House of Dragons is a book with ‘dragons’ in the title that’s actually about dragons, which bitter experience has taught me isn’t a given. It’s also a fantastic read.
First of all, there’s a map at the start of the book. Honestly, need I say more?
House of Dragons is the third novel from American author Jessica Cluess. Listed on Goodreads as the first in a duology, it has a ferocious plot that it navigates with speed and intricacy. It’s exciting, it’s fast-paced, and – no spoilers – if you can get to the end of Chapter 5 without your jaw dropping, I’m a little afraid of you.
In fact, every time I thought I could predict where this plot was going, it would twist on me in the most satisfying way. Nothing was done purely for shock value, but I was still repeatedly left wide-eyed as I read.
The book centers on a struggle for the throne in a fantasy world, fought between five young adults. Only one of the five can win, and the rest of them will be killed. If the recently-released addition to the Hunger Games series has whetted your appetite for a high-stakes battle royale, this might just scratch your itch.
The beginning of the story is a little hurried, but still manages to give us clear windows into the lives of the five protagonists. Even after just one chapter spent with each of them, their characters and motivations feel sharp and distinct.
Emilia, the loner with her forbidden magic.
Lucian, the war veteran who has taken a vow of peace.
Vespir, the servant in love with the Princess she serves.
Ajax, the irreverent and illegitimate son from a family he despises.
Hyperia, the eldest daughter forged by her family into a weapon of cruelty and destruction.
Each character has their own depths and conflicts. In particular, I enjoyed Lucian’s battle with himself as he seeks a future of peace, when it’s in war that he excels. Hyperia’s principles and honor are the perfect counterweight to her ruthlessness.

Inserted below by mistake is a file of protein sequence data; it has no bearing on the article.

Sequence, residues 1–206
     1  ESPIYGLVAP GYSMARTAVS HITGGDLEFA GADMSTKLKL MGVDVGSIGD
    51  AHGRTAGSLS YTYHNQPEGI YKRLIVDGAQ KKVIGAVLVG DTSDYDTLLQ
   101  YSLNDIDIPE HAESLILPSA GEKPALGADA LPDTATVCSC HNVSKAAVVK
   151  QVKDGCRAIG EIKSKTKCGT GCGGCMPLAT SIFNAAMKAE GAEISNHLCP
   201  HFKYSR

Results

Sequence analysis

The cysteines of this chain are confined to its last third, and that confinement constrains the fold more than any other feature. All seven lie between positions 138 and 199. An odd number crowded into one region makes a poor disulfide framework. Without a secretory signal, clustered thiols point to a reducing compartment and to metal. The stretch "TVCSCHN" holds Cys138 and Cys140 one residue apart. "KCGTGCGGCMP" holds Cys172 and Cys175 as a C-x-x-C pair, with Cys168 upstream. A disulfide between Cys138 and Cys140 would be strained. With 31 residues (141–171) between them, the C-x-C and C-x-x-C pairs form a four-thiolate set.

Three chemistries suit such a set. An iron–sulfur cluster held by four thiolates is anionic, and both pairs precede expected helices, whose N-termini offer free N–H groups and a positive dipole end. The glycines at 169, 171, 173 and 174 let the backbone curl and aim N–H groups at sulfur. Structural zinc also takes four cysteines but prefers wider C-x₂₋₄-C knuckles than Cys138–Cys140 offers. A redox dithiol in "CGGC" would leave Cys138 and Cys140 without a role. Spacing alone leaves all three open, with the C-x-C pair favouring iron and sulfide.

None of them are too perfect or too evil to feel real, and all of them have complex motivations that kept me guessing about what they’ll do next. Cluess handles the ensemble cast of characters well, though Ajax has the clearest voice and sometimes with the others it was possible to forget whose point of view I was reading.
Emilia’s chaotic magic, and the lengths that she’s been forced to go to in order to hide it, will bring a strong element of pathos for readers from marginalized communities. At the start of the story, she’s Elsa from Frozen, but with more blood on her hands. Emilia’s family, and Emilia herself, think that she was “born evil”, recalling the treatment received by many neurodivergent people in our own world – and with Emilia described as having very intense and unique interests, speaking too loudly at times, and also stimming to calm herself down to avoid magical outbursts, there’s a strong case to be made that she’s coded as autistic.
There is queer representation in the book, with one of the protagonists confirmed by the author to be a lesbian. It’s a blessing to find that, in the world where the story is set, queerness is not taboo – House of Dragons isn’t a fluffy story, but it affords its queer readers a welcome into its world. It should be noted that Cluess tends to use “men and women” rather than “people”, and there are no characters who are canonically written outside the gender binary, so gender diversity isn’t well-represented here.
The world-building in the story is fantastic, with some lush descriptions of scenery that give each city and battle its own flavor. With such a crystal-clear backdrop, every character’s choices and dilemmas are grounded and meaningful.
While it feels as though the plot never lets up the pace, I look back on House of Dragons and realize that between the breathless action scenes it makes room for a lot of character study and growth. Some of the moments between the main characters and their dragons had me welling up, and all of the protagonists are forced to confront themselves and their pasts. They’re full of flaws and I understand why every flaw is there; I felt for them and hated them and loved them and forgave them by turns as the book went on.
Morality is at the core of House of Dragons, and it offers no easy answers. Emilia, Lucian, Vespir, Ajax, and Hyperia each do battle with their own codes and principles in their own way; each of them contends with how to balance being good with being successful, in a world where failure means death. It’s gripping, it’s sad, it’s twisted, it’s so much fun – it’s a fulfilling and incredibly exciting read.
And there are dragons.
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Author: Em Rowntree
I’m a non-binary writer, teacher, and cat-lover from the UK.
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